Collins shouldn’t get too comfortable with the idea of playing in Sacramento, though. ESPN.com’s Chris Haynes reported the Portland Trail Blazers will receive the 10th overall pick in return for the Nos. 15 and 20 selections.
According to CSN Northwest’s Jason Quick, Portland showed an early interest in Collins:
Fellow Gonzaga alumnus Kelly Olynyk congratulated the 7-footer:
Here’s how others reacted to the pick:
Collins averaged 10.0 points and 5.9 rebounds per game as a freshman, coming off the bench for a Gonzaga team that narrowly missed out on a national championship. The big man emerged as a vital force in the Final Four, putting up 14 points, 13 rebounds and six blocks against South Carolina before a nine-point, seven-rebound, three-block outing against North Carolina.
ESPN’s Chad Ford ranked Collins as the No. 9 overall prospect in this class. He was seen as a late lottery pick who would, in the worst-case scenario, be off the board in the vicinity of pick No. 20.
“He’s listed anywhere from eight to 20 (in the first round in mock drafts) and almost nobody else in America stays when that’s the case,” Mike Collins, Zach’s father, told Jim Meehan of the Spokesman-Review. “You go when the league wants you to go. He’s following his dream and his wishes.”
Collins is skilled for his size, but he’s definitely more of a developmental prospect than a ready-made star at this juncture. He was mostly a role player (albeit a really good one) during his lone season at Gonzaga, and he’s going to face a massive competition uptick in the NBA.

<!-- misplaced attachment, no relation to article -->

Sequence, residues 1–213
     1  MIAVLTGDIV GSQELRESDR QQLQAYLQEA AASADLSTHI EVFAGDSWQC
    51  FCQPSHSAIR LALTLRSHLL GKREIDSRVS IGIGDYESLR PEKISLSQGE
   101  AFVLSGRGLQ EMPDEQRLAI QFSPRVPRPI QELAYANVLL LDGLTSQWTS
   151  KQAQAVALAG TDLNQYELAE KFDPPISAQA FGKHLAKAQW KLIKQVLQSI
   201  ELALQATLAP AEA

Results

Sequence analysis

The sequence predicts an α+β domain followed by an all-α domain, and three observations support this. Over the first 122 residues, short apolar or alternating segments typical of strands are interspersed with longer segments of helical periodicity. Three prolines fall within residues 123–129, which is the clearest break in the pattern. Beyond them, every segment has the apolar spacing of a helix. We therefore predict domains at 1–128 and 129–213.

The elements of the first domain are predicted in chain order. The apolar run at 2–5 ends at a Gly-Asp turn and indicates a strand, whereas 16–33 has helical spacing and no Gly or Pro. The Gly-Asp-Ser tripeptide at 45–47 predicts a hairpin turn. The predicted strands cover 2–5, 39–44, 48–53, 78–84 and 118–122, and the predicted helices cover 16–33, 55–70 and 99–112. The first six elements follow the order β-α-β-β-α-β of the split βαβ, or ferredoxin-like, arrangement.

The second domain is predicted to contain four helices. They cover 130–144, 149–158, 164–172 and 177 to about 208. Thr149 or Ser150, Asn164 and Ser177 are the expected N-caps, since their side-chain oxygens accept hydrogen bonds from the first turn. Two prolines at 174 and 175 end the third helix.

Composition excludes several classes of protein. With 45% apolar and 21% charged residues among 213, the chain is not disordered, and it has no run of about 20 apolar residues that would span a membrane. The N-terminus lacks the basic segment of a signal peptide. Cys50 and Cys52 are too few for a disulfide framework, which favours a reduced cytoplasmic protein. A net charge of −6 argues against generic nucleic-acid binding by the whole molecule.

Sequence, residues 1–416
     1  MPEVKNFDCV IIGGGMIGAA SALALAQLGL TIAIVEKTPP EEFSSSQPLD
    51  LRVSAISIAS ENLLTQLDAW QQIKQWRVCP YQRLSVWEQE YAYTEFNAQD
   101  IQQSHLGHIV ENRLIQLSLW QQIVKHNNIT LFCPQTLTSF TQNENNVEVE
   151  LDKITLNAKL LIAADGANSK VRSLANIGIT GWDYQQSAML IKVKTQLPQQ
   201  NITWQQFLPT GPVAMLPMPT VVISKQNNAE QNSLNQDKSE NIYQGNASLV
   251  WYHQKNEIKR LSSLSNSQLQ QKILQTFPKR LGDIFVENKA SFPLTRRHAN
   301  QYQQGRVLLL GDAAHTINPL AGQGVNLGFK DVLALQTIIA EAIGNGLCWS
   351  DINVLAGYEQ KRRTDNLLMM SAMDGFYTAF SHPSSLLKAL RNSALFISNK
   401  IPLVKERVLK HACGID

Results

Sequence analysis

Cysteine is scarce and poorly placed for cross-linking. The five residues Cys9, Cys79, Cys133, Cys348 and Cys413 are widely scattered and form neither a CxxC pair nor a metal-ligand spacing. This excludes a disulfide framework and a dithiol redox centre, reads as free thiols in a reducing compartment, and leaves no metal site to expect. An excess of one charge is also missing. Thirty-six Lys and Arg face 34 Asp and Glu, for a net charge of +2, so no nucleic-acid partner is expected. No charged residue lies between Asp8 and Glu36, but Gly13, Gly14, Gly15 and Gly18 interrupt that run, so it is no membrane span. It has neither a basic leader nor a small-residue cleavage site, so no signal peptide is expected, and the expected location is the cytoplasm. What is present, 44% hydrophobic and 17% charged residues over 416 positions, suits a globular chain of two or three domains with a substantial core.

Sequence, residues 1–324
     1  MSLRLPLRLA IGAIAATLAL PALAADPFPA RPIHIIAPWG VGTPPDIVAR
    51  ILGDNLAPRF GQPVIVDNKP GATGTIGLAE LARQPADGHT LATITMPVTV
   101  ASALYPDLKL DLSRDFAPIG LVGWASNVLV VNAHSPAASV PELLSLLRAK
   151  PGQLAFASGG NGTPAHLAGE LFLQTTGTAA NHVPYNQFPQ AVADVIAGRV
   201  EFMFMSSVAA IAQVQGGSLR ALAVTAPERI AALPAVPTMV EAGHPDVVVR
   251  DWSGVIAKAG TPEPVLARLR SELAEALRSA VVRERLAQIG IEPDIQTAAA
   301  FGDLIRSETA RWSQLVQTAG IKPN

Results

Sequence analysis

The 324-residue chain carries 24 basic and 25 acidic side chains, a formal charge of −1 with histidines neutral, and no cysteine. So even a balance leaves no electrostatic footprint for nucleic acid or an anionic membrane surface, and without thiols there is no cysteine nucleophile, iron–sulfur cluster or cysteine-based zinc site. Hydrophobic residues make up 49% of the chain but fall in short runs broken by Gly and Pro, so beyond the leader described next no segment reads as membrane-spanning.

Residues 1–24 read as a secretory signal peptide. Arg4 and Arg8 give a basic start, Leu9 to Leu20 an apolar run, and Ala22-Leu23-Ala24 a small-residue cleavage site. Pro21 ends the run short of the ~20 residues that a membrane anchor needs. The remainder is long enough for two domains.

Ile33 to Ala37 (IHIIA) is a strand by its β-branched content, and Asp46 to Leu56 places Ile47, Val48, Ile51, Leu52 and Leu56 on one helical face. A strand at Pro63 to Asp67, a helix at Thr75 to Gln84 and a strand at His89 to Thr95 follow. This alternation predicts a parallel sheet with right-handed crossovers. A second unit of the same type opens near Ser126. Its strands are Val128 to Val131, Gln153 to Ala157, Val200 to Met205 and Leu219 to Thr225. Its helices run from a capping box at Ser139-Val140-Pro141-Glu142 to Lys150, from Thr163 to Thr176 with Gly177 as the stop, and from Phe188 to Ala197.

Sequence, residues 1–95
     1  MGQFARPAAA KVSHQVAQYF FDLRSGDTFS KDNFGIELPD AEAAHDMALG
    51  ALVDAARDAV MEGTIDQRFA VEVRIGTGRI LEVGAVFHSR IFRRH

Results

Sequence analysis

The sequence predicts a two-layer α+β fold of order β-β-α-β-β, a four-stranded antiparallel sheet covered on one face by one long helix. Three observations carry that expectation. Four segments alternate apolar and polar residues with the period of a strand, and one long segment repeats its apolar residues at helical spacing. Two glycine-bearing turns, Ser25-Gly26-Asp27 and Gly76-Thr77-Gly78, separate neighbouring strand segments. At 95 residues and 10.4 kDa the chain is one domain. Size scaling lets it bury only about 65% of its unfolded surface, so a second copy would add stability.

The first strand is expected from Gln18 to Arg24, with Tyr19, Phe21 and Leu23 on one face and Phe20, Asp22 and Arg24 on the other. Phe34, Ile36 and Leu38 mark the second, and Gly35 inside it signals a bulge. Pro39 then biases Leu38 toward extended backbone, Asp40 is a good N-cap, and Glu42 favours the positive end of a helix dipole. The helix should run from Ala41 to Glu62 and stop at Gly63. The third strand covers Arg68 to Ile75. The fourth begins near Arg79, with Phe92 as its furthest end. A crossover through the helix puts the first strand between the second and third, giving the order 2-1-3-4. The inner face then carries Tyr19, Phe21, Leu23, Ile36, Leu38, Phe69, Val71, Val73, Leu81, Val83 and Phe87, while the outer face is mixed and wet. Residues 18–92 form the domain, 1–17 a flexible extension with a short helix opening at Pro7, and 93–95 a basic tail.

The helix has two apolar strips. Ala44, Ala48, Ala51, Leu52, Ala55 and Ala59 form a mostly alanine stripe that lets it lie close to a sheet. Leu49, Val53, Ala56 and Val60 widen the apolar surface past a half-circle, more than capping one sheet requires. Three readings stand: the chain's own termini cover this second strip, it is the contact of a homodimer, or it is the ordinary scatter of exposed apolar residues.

“Obviously I’ve got to get stronger but I think there’s a lot of guys in the draft that need to get stronger before they start playing,” Collins said, per Jason Jones of the Sacramento Bee. “But I think going against Przemek Karnowski and a lot of the bigs we had at Gonzaga everyday in practice, some of the guys were stronger than me at the time, but I learned certain ways to use my length.
“Just try to find ways to outsmart the offensive player a little bit even if they tried to overpower me. I think I can take some of that I learned at Gonzaga, tactics I used. I think I’ll do well, especially when I add strength.”
The Blazers can use Collins next to Jusuf Nurkic as a long-term fit in their frontcourt. Collins could stretch the floor while Nurkic acts as a big bruiser, or they simply could wind up splitting center minutes. Meanwhile, the similarly skilled Meyers Leonard may be the odd man out in the frontcourt rotation and put on the block.
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